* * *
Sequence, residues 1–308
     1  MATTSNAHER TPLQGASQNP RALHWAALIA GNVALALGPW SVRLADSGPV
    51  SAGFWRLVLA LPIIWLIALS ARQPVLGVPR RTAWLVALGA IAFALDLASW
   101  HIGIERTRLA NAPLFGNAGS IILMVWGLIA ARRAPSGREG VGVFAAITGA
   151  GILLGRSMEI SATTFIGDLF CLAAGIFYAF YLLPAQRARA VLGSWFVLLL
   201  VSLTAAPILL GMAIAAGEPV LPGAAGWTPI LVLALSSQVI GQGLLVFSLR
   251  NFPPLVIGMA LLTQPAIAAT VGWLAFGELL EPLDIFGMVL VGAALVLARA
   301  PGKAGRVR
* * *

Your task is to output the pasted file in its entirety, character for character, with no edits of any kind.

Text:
Sequence, residues 1–308
     1  MATTSNAHER TPLQGASQNP RALHWAALIA GNVALALGPW SVRLADSGPV
    51  SAGFWRLVLA LPIIWLIALS ARQPVLGVPR RTAWLVALGA IAFALDLASW
   101  HIGIERTRLA NAPLFGNAGS IILMVWGLIA ARRAPSGREG VGVFAAITGA
   151  GILLGRSMEI SATTFIGDLF CLAAGIFYAF YLLPAQRARA VLGSWFVLLL
   201  VSLTAAPILL GMAIAAGEPV LPGAAGWTPI LVLALSSQVI GQGLLVFSLR
   251  NFPPLVIGMA LLTQPAIAAT VGWLAFGELL EPLDIFGMVL VGAALVLARA
   301  PGKAGRVR